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HP Inc lays the foundations for a digital future

Following HP’s split on 1 November 2015, how will the printer and PC components of the business define the future of HP Inc?

This article can also be found in the Premium Editorial Download: Computer Weekly: HP plots its next move after split

Historically, manuscripts were handwritten and copied by hand, but around 1440 Johannes Gutenberg created a printing press which commoditised the distribution of books.

HP Inc is hoping to build on its success in the printing business, a modern interpretation of the Gutenberg Press which began with the introduction of the laserjet 35 years ago, and fuel another printing revolution.

Shane Wall, CTO and head of HP Labs at HP Inc, has a chance to shape this revolution, at least from an HP Inc perspective. Wall started at HP in 1985, before founding a startup in the mid-1990s. He then spent 14 years at Intel, where he was responsible for ventures and investments at Intel Capital and ran Intel Labs, before rejoining HP.

As Wall points out, HP Inc has two large, mature businesses in the printing and personal systems (PC) divisions of HP. One part is hugely successful: HP Inc can quite literally print money thanks to the growth in consumables. But the PC business posted a 13% decline in revenue for the third quarter of 2015, and analyst IDC has forecast a continued decline in the PC market through to 2019.

The challenge is how to create new growth opportunities.

Despite its personal systems business being affected by the decline in demand for PCs, Wall is confident it will bounce back. This will not necessarily come from competing by selling new revisions of PCs, laptops, tablets or hybrid devices. Rather, he predicts completely new ways of using a PC that cannot simply be copied and mass-produced by rival manufacturers.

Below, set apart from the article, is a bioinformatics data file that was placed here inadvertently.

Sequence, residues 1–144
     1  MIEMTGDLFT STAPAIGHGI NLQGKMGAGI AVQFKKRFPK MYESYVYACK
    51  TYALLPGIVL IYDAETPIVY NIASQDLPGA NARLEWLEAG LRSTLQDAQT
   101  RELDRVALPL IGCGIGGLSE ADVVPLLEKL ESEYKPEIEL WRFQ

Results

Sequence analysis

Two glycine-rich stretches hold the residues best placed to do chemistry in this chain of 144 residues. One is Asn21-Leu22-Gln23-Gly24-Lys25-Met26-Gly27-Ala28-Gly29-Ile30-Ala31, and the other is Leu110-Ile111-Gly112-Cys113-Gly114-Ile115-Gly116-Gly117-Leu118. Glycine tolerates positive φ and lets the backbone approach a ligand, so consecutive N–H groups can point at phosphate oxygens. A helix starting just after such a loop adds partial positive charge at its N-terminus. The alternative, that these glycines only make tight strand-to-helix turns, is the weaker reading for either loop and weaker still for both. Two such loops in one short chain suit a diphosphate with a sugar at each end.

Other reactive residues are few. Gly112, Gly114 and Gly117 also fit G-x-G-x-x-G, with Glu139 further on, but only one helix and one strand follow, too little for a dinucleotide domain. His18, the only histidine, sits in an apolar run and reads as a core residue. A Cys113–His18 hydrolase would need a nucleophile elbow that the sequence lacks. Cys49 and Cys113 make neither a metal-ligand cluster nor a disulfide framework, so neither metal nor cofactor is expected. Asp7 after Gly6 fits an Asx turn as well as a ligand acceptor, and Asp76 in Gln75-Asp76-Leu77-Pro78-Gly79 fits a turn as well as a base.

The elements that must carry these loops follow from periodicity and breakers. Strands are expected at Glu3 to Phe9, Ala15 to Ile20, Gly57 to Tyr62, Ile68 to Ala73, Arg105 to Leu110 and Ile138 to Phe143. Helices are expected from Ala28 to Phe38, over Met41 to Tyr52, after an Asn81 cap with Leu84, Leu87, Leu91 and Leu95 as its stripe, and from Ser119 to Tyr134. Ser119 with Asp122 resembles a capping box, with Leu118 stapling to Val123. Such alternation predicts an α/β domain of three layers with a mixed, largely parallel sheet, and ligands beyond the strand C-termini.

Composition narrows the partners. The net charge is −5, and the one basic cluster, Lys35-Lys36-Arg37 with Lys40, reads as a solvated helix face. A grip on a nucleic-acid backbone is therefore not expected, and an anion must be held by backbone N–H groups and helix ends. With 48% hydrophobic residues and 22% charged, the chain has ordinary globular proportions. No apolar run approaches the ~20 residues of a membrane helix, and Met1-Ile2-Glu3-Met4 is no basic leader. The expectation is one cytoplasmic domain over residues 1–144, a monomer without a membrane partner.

The HP split will also see HP Labs become two separate operations. “We are splitting the labs as part of the separation,” says Wall. “The portion that worked mainly on printing and personal systems moves to HP Inc, and the other portion moves over to Hewlett Packard Enterprise.”

Innovations in ink

HP Inc plans to extend its current printer business through a range of cost-saving initiatives.

One of these is its Instant Ink service, which is designed to reduce the cost of ink using a subscription model that allows businesses to rely on their internet-connected printer to tell HP when replacement ink is required. The ink is delivered on-demand and at a lower cost than purchasing cartridges when they run low, according to Wall.

HP's Instant Ink service is designed to reduce costs using an on-demand subscription model for ink cartridges

HP’s inkjet business has grown by 18% in the past year. In contrast, its laserjet business has experienced just 3% growth. The question is, why offer businesses ink cartridge printing – a market HP has traditionally dominated with its laser printers?

“The value proposition allows us to lower the cost significantly, so you have the paper handling and flexibility of the laserjet at a substantially lower cost per page,” says Wall.

This also means HP Inc is able to offer the functionality of its multifunction OfficeJet laser printer family, which prints, scans, copies and faxes, on an inkjet device.

“Inkjets also allow us to enter the A3 copier market,” Wall adds. The company has 40% market share in the printer market, but its share of the photocopier market is only 3%. “Copiers represent a huge growth opportunity for us,” he says.

Spicing up the PC

People are not upgrading as often as they used to. The question is how to increase the PC’s appeal. “When we look at the short term, the PC is obviously in transition and will stay in transition. There is short-term drag, but it will lead to long-term opportunities,” says Wall.

In the case of Microsoft Windows 10, he says: “Long term, Windows 10 will be a fantastic operating system and will open up a new set of opportunities for us, which leads to workflows and vertical solutions in the enterprise.” This will build on convertible tablet PCs, such as HP’s x360 device which works as a tablet or laptopr.

Sprout is another device HP Inc is pushing. “Sprout is a platform. It is not just a new PC; it is an immersive computing experience,” says Wall. “You can use Sprout for interactive modelling in the maker community or for communication.”

The device has a touchscreen, a 3D scanner and a desk touchpad, which also works as a display with images can be projected onto it. The device has its own user interface and set of applications, although the current version runs Windows 8.